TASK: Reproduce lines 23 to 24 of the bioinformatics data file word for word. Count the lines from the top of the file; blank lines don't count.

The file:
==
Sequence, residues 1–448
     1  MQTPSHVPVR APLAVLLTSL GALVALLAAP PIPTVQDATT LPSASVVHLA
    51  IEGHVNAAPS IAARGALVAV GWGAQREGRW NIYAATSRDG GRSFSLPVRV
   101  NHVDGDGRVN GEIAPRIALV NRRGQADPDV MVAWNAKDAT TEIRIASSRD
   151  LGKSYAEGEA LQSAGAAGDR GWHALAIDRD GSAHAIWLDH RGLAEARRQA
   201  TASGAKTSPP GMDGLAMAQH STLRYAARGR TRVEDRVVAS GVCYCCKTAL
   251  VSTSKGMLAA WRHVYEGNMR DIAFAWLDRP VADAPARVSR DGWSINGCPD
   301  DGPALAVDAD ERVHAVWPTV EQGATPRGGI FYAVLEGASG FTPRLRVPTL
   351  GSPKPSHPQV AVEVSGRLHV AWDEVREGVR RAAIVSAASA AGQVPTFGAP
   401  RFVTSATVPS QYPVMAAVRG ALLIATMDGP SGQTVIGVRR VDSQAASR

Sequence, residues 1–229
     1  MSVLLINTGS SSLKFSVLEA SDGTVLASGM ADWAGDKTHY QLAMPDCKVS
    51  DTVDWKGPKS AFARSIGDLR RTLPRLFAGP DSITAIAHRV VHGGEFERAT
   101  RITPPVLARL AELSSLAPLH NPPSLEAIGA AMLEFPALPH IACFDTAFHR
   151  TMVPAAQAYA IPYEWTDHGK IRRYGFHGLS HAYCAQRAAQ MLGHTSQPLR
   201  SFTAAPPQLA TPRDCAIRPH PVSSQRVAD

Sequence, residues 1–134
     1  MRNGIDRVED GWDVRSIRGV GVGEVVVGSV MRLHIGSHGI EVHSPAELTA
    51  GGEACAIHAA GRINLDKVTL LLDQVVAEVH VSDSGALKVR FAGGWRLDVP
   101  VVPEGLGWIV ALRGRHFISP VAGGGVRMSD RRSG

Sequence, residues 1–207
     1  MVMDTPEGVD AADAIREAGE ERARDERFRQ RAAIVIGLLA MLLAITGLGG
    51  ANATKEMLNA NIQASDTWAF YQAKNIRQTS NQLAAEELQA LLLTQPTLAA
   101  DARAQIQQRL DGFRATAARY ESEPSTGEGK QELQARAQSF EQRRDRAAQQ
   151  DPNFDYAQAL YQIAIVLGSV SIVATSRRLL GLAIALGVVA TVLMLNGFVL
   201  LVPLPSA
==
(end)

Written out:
    51  ANATKEMLNA NIQASDTWAF YQAKNIRQTS NQLAAEELQA LLLTQPTLAA
   101  DARAQIQQRL DGFRATAARY ESEPSTGEGK QELQARAQSF EQRRDRAAQQ